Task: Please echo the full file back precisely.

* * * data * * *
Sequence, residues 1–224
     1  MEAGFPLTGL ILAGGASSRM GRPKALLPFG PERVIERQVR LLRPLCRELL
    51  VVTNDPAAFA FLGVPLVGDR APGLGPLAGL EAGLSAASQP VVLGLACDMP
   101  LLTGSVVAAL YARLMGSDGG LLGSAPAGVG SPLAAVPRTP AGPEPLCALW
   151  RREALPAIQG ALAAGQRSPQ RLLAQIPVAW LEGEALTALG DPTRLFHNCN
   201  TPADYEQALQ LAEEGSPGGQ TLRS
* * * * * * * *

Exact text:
Sequence, residues 1–224
     1  MEAGFPLTGL ILAGGASSRM GRPKALLPFG PERVIERQVR LLRPLCRELL
    51  VVTNDPAAFA FLGVPLVGDR APGLGPLAGL EAGLSAASQP VVLGLACDMP
   101  LLTGSVVAAL YARLMGSDGG LLGSAPAGVG SPLAAVPRTP AGPEPLCALW
   151  RREALPAIQG ALAAGQRSPQ RLLAQIPVAW LEGEALTALG DPTRLFHNCN
   201  TPADYEQALQ LAEEGSPGGQ TLRS